TV now only part of deal at booming MIPCOM Jr.

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CANNES -- How to build program franchises and reach kids through the burgeoning jungle of cross-platform outlets were key issues under discussion at MIPCOM Jr., the two-day kids market that precedes the Riviera-side program sales market.

Running alongside this year's kids market and creating a buzz were telenovela screenings, with attendance boosted by the success of the last year's hit Colombian telenovela format "Betty the Ugly" (now airing on ABC as "Ugly Betty").

In its 14th year, the MIP Jr. market that used to be a dusty program-screenings event has been transformed into a full-blown power hub where toy manufacturers, consumer-product licensing businesses, cross-platform brand builders and new-media partners meet to do business.

In all, more than 800 delegates from 497 companies spanning 53 countries are thought to have attended the two-day pow-wow that ended Sunday in its new home at the Carlton Hotel, located on Cannes' world famous Croisette.

"It's impossible now to launch any program brand by television alone," DIC Entertainment chairman and CEO Andy Heyward said. "The days when that was possible are so long ago now that they aren't even relevant."

These days, reaching the sought-after tween demographic means doing deals across music, television, online and consumer products, Heyward said. It has lead to an era of specialist partnerships with licensees, retailers, broadband operators, record companies and tour organizers.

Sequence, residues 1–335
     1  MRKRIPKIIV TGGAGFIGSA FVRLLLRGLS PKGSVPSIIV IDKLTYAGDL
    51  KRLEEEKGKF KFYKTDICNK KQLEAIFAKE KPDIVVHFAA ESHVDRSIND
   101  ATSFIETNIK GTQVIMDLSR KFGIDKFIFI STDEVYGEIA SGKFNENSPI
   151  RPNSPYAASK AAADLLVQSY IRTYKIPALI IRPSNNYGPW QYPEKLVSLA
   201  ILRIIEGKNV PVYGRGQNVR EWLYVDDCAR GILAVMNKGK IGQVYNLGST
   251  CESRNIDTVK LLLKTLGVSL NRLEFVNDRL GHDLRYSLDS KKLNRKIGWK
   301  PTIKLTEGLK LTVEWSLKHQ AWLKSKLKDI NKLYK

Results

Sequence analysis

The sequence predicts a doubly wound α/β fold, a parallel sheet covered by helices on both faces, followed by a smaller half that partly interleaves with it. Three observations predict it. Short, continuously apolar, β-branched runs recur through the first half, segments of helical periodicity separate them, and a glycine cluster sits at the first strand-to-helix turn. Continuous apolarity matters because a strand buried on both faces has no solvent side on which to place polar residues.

"You just can't get the kind of critical mass you need through a television window," Heyward said. "You need to have what we call a 360-degree approach."

DIC, which is celebrating its 25th anniversary at the market, hosted a lavish bash Sunday to launch its new tween brand, the Slumber Party Girls, in partnership with Geffen Records and Kids AOL.

The all-teen act this month will launch their debut album, "SPG-The Slumber Party Girls -- Dance Revolution," and music video through Geffen Records as well as host a new kids block on CBS and AOL's kids site, KOL. The group, chosen from more than 1,000 hopefuls, also have a live-action TV series and primetime feature film lined up for next year.

"Finding kids is all about going where they are going and doing what they are doing," said Paul Taylor, CEO of the Walt Disney Co.-owned pan-European children's entertainment company Jetix Europe. "You have to use the environment that children get excited about."

To support its anime-style action space adventure "Oban Star Racers," Jetix has launched a Web site with a massively multiplayer online role-playing game that allows users to play characters from the story line and interact with other players.

"We had 26,000 users within days of launching," Taylor said.

Not all projects need to launch via the television window either, according to Jetix.

"One of our characters, Pucca, was originally launched as an online greeting card in South Korea by a company called Vooz before we worked with them to build a much bigger brand," Taylor said. "The great thing about today's market is that you don't need to create content brands via the traditional routes."

Not everyone believes that traditional television is on its way out, however.

"We had a product, "Franny's Feet," that we launched 2 1/2 years ago, and it was only after we signed a deal with PBS that we were able to drive the business," Decode Entertainment partner Neil Court said. "At the end of the day, before you greenlight a new investment, a television window goes a long way to cover the risk."
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